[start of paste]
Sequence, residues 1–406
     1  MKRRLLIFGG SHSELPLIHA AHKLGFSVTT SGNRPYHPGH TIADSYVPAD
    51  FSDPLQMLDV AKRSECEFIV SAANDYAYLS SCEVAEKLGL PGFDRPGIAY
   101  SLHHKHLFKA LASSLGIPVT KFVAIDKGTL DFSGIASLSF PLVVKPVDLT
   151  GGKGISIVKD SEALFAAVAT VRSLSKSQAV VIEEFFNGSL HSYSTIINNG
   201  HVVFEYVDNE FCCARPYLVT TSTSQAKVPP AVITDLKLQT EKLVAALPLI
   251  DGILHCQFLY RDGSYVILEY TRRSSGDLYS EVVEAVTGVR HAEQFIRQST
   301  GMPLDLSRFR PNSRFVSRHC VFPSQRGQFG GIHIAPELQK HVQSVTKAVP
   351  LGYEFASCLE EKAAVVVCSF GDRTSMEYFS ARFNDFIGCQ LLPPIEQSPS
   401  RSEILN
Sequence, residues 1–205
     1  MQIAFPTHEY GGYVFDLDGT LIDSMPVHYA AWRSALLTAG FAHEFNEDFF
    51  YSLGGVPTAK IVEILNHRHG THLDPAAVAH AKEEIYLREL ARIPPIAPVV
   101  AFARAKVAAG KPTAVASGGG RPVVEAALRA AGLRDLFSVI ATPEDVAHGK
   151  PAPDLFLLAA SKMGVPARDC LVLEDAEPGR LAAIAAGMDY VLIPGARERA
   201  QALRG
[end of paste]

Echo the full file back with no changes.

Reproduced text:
Sequence, residues 1–406
     1  MKRRLLIFGG SHSELPLIHA AHKLGFSVTT SGNRPYHPGH TIADSYVPAD
    51  FSDPLQMLDV AKRSECEFIV SAANDYAYLS SCEVAEKLGL PGFDRPGIAY
   101  SLHHKHLFKA LASSLGIPVT KFVAIDKGTL DFSGIASLSF PLVVKPVDLT
   151  GGKGISIVKD SEALFAAVAT VRSLSKSQAV VIEEFFNGSL HSYSTIINNG
   201  HVVFEYVDNE FCCARPYLVT TSTSQAKVPP AVITDLKLQT EKLVAALPLI
   251  DGILHCQFLY RDGSYVILEY TRRSSGDLYS EVVEAVTGVR HAEQFIRQST
   301  GMPLDLSRFR PNSRFVSRHC VFPSQRGQFG GIHIAPELQK HVQSVTKAVP
   351  LGYEFASCLE EKAAVVVCSF GDRTSMEYFS ARFNDFIGCQ LLPPIEQSPS
   401  RSEILN
Sequence, residues 1–205
     1  MQIAFPTHEY GGYVFDLDGT LIDSMPVHYA AWRSALLTAG FAHEFNEDFF
    51  YSLGGVPTAK IVEILNHRHG THLDPAAVAH AKEEIYLREL ARIPPIAPVV
   101  AFARAKVAAG KPTAVASGGG RPVVEAALRA AGLRDLFSVI ATPEDVAHGK
   151  PAPDLFLLAA SKMGVPARDC LVLEDAEPGR LAAIAAGMDY VLIPGARERA
   201  QALRG